Not So Pumped Up

Heart failure, or congestive heart failure, is a condition where the heart cannot pump enough blood around the body. Usually, the heart pushes out about 2,000 gallons of blood every minute. When someone has heart failure, blood flow is weakened or interrupted. As a result, the body does not get the oxygen necessary to function correctly. Some people with heart failure recover completely with treatment, but most cases worsen over time. Heart failure can affect people of any age but is more likely to affect adults over 65. Common causes of heart failure include damage to the heart muscle due to a heart attack, high blood pressure, and diabetes.

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To the left

A cardiologist or medical team will diagnose a patient with left- or right-sided heart failure. With left-sided heart failure, the heart cannot push sufficient blood to vital organs like the lungs and brain. This can cause symptoms such as fatigue, difficulty breathing, and swelling in the legs and ankles. Another common symptom of left-sided heart failure is pulmonary edema, or fluid build-up in the lungs. The good news is that many people with left-sided heart failure can recover with medication, lifestyle changes, and, sometimes, surgery. However, some cases cannot be reversed and need lifelong treatment with medication.

Is this right?

When someone has right-sided heart failure, the right chamber cannot pump enough blood through the right side of the body. This means the arms, legs, stomach, and kidneys have reduced oxygenated blood. Common symptoms include shortness of breath, weakness, lightheadedness, and weight loss. Another common symptom of right-sided heart failure is fluid retention, which causes swelling in the legs and abdomen. Severe right-sided heart failure may also cause trouble urinating and muscle weakness. Once again, many people with right-sided heart failure can be treated with medication and lifestyle modifications. Still, some may need more intensive treatment or even surgery to help improve the condition. There are also cases where right-sided heart failure can no longer be cured, and such patients may need lifelong treatment to manage symptoms.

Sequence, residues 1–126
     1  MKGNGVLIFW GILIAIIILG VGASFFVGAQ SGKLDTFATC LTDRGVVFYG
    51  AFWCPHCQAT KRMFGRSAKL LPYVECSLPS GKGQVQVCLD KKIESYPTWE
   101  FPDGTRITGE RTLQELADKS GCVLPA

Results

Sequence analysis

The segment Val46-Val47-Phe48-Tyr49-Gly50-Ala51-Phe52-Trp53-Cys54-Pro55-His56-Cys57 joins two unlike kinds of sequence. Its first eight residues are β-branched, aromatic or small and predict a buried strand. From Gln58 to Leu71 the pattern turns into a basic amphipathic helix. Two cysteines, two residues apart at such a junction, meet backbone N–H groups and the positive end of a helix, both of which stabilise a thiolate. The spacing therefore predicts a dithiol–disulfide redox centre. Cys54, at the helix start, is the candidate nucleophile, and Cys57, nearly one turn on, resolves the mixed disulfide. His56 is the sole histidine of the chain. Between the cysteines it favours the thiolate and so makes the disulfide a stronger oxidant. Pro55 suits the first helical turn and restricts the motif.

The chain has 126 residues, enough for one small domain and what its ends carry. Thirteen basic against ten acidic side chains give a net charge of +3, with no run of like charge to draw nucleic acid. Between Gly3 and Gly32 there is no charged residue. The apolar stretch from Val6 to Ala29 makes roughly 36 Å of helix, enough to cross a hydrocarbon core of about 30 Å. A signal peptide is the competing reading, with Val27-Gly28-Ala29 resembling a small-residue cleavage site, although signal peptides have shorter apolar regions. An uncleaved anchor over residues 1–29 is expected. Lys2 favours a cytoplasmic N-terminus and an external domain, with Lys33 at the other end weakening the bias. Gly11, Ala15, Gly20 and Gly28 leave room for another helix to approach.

What happens after heart failure?

After being diagnosed with heart failure, regardless of the side, a doctor will prescribe a treatment plan to help manage symptoms and prevent complications. Following the doctor’s instructions is crucial to continue living as healthy as possible. Treatment may include lifestyle changes and healthier eating habits. The doctor may also recommend reducing sodium intake, taking diuretics, increasing physical activity, and quitting smoking. Medication may also be prescribed to improve breathing and reduce fluid build-up in the lungs. Regular checkups are essential to ensure the treatment plan works and to help manage any side effects from the medications.

There’s hope

Heart failure is an often incurable, severe disease. If left untreated, the chances of heart attacks, strokes, or further heart damage increase. However, the condition can be managed with aggressive lifestyle changes and medication. With the proper care, heart failure patients can continue enjoying exercise, social activities, and other daily activities. The treatment plan may change based on the side of the heart failure. Once the heart responds, patients can have a fruitful and healthy life.

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